If you look at the average cost on equipment and installation before factoring in the federal clean energy credits of 30%, the US national average cost is roughly $18,073 for a 5-kilowatt system and $3.60 per watt, according to FindEnergy.com.
Other incentives from state, county and municipal governments, and sometimes even banks and credit unions, might bring that total out-of-pocket expense down even further. One analysis from Wood Mackenzie shows the average purchase cost of installed solar power is $2.99 per watt for an 8-kilowatt system.
Of course, the above figures merely reflect national averages. Be sure to compare prices in your own area before signing a contract.
To get an idea of what solar costs look like in each US state, here’s a look at the average total cost, system size and cost per watt of solar panels, according to data from FindEnergy.com. The states shaded in gray had no data available.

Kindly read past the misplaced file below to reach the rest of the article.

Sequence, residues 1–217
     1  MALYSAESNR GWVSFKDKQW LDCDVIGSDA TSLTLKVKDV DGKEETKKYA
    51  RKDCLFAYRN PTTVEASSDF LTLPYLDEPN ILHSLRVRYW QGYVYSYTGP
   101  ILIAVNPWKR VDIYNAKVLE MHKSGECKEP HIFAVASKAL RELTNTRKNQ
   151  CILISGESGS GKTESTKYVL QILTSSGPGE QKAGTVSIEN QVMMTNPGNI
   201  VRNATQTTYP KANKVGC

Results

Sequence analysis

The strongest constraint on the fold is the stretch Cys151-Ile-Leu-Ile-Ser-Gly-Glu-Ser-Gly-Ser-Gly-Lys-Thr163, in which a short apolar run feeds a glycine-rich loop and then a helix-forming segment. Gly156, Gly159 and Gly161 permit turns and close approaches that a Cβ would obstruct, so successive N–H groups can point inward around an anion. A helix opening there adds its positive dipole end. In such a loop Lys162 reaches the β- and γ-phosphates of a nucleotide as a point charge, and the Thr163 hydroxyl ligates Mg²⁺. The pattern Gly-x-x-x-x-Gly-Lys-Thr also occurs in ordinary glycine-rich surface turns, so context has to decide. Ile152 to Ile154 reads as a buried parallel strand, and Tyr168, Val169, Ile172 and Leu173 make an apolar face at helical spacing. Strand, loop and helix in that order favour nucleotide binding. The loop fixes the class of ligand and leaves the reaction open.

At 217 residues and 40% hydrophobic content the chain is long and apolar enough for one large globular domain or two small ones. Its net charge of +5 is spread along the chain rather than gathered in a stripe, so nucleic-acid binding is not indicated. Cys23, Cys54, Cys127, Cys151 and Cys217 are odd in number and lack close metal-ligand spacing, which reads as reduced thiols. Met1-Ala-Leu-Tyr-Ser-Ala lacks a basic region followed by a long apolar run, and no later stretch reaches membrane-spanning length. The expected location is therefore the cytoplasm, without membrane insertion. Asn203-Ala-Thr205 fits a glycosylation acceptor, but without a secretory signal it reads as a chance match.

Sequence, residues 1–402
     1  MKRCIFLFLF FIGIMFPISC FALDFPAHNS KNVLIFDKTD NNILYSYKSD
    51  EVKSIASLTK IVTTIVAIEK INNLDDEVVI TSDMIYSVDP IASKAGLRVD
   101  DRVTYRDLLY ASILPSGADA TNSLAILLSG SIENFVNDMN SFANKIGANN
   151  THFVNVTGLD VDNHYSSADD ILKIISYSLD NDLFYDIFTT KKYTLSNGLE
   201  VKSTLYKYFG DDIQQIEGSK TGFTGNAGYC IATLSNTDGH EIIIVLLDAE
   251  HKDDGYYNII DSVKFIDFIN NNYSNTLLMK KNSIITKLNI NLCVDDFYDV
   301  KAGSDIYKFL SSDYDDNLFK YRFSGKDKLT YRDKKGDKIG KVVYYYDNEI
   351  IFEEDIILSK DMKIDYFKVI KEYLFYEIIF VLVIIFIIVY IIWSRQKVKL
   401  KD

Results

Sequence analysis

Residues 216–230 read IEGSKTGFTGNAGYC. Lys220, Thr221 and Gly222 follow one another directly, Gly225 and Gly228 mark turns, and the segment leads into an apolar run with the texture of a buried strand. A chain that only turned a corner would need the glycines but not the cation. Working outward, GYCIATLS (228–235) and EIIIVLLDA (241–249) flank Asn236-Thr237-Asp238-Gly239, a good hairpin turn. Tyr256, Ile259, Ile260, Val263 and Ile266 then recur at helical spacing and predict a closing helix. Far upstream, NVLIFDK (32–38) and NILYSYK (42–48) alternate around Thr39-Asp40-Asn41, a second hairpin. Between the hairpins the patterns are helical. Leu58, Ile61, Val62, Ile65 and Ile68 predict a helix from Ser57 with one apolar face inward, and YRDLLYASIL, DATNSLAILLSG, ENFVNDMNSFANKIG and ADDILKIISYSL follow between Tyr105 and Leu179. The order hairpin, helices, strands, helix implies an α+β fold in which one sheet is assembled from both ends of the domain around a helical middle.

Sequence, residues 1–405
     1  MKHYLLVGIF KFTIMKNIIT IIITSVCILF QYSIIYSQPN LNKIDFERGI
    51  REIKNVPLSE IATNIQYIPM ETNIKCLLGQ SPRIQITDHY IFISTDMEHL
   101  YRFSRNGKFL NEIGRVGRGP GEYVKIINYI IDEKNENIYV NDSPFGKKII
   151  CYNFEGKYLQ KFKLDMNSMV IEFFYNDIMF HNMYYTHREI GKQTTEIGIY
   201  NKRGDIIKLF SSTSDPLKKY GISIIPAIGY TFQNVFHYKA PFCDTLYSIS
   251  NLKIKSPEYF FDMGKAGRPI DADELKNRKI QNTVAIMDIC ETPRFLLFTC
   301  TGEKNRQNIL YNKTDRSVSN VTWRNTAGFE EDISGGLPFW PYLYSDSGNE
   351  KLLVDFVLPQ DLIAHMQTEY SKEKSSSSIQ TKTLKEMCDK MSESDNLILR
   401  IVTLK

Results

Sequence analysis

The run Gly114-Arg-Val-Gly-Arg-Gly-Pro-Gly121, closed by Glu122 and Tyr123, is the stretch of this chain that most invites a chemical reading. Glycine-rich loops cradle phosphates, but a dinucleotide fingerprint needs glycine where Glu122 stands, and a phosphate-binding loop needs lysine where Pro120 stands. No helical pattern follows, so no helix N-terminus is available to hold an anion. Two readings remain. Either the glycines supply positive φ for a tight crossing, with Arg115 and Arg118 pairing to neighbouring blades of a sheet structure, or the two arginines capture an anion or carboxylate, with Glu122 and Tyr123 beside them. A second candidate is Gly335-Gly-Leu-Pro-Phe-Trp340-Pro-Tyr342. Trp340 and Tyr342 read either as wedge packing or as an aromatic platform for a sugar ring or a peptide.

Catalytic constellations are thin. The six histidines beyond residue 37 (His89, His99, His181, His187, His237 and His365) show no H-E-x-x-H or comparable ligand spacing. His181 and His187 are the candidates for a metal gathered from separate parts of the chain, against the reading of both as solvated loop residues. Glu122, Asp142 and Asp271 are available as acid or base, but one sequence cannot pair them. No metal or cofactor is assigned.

What financing options does Sunnova offer?
Sunnova offers power purchase agreements and a number of ways to purchase, lease or finance solar systems. Hultberg noted that not all states allow leases and other program offerings may vary by locale.
Sunnova says it can often get customers up and running with a new solar system with no upfront cost, though the lifetime savings of a purchased system are typically higher than they are with leases, power purchase agreements or other zero-money-down options.
Does Sunnova operate in my state? How do I order?
Sunnova works with local dealers in all US states and territories. The order process begins with getting connected to an approved Sunnova dealer or installer, either through the Sunnova website or from direct contact with a dealer.